Let me say this: God knows our hearts and He knows our flaws. It was because of His love for us, despite our failed nature, that He sent the only one of perfection–that’s His son, Jesus–to die sacrificially for our sins. We can’t earn Salvation through any acts of super Christianity. Salvation is a free gift of God, through faith in His son Jesus Christ. 

I am a God fearing, flawed man. Everyday–every single day–I mess up one of God’s Old Testament laws. There is no way I could ever live up to any of them. That’s why I love Jesus. He knew me before I was born. He knew what kind of a failure Christian I would become. In that knowledge, He still said, “Father, I’ll go down and take one for the team. Ennis is going to be out there someday. I need to do this for him.” 

In His perfection, Jesus chose to become a living sacrifice so that I personally would be set free to live my life for Him, complete with my everyday failures. I could never repay Him for that! I can’t mimic His perfection!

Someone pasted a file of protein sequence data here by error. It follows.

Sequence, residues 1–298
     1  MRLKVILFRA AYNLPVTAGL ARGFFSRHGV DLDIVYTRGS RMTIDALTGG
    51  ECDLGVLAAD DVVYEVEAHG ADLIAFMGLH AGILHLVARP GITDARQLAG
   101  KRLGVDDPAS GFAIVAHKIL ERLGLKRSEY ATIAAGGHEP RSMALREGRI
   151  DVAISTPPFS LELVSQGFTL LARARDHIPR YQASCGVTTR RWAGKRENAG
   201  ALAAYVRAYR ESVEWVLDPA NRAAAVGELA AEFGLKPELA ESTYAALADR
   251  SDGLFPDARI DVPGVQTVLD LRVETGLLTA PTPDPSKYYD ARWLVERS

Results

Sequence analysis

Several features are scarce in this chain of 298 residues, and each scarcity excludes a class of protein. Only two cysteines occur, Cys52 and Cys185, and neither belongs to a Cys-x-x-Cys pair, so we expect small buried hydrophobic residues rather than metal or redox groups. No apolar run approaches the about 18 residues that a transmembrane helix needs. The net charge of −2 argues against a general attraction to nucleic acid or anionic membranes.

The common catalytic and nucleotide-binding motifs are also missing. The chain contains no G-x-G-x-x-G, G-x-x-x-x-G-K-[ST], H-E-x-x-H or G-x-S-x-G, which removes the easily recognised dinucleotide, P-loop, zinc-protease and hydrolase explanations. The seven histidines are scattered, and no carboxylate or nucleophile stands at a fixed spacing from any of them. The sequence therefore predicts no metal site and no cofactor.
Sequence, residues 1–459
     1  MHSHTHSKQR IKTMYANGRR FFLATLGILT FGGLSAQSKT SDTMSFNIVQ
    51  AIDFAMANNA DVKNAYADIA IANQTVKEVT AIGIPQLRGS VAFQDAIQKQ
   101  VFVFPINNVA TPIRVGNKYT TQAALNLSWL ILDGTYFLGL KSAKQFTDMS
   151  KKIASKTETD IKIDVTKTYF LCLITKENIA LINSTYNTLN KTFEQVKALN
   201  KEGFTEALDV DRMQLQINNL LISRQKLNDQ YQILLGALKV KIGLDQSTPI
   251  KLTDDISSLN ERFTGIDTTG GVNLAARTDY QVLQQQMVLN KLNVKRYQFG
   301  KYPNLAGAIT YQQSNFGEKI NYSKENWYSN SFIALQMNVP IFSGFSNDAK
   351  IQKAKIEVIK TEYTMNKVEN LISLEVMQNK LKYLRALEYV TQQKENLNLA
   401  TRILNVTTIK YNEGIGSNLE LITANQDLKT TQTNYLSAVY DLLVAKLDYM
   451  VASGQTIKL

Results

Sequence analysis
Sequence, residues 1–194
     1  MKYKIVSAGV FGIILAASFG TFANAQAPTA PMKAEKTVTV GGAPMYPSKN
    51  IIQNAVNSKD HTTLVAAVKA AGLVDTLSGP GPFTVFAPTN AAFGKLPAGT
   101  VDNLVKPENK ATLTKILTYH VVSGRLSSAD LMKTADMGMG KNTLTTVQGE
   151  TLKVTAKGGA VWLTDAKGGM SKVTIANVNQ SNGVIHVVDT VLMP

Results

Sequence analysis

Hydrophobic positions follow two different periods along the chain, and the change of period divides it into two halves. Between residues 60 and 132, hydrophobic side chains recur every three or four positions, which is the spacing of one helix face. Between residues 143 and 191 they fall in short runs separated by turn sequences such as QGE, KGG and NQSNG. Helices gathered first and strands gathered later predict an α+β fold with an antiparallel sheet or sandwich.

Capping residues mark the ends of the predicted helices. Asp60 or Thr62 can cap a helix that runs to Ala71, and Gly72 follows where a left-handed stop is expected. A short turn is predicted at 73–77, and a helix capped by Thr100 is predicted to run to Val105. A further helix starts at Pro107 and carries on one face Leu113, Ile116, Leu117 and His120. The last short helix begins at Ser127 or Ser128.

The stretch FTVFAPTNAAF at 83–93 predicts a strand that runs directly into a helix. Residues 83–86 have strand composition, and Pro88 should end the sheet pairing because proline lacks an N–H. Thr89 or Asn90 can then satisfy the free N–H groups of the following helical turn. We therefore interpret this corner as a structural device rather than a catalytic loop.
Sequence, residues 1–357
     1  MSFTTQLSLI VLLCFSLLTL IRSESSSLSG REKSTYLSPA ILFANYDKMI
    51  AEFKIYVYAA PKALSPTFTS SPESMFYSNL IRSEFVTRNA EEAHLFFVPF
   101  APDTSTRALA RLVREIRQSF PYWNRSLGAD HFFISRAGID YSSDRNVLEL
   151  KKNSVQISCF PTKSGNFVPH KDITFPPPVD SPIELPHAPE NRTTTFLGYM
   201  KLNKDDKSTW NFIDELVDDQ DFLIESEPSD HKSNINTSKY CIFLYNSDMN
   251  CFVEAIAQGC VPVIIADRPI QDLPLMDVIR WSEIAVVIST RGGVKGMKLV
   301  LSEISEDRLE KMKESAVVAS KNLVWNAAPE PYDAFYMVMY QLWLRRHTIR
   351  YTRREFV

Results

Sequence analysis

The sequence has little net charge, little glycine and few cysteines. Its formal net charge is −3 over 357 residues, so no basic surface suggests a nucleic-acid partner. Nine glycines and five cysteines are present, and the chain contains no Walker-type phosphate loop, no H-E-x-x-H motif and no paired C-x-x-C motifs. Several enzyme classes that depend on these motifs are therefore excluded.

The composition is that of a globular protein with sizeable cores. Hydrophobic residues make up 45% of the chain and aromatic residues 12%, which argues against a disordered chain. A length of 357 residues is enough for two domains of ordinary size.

I see Christians get mad over Donald Trump tweets. I see Christians hate on each other, over clothing. I see Christians judging other Christians who show love to Muslims. I see Christians judging others over music, food, even the type of car one drives. 

I think (and this is just my opinion) we ought to get on with the business of focusing on our own personal relationships with Jesus, as opposed to following rituals and judging others who may not live up to our standards. That’s why I like Romans 3:23. It reminds me that we all fall short of God’s Holy standards. Who am I to judge someone else, as I’m enjoying Sevin lyrics,on my way to watch a Star Wars flick and eat cheese Ballpark Franks with my gay cousin. Did I mention I was wearing my anti-Trump T-Shirt to the movie theater? 

You hate me right now, don’t you uber Christian conservative?

Jesus loves you.   

We Are The Church

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I am the church.

I am called to represent Christ & influence others.

I am called to make a difference.

I am called to love God & serve people.

I am the church.


People often misinterpret the term “The Church”. We liken it to physical buildings or a specific meeting place, where folks congregate to talk about all things related God. However, the Lord never intended for the church to be a stationary building. His intention was to make His following body of believers the church. Each of us who proclaim the name of Jesus, and follow His commandments are a part of the body of Christ; we are the church.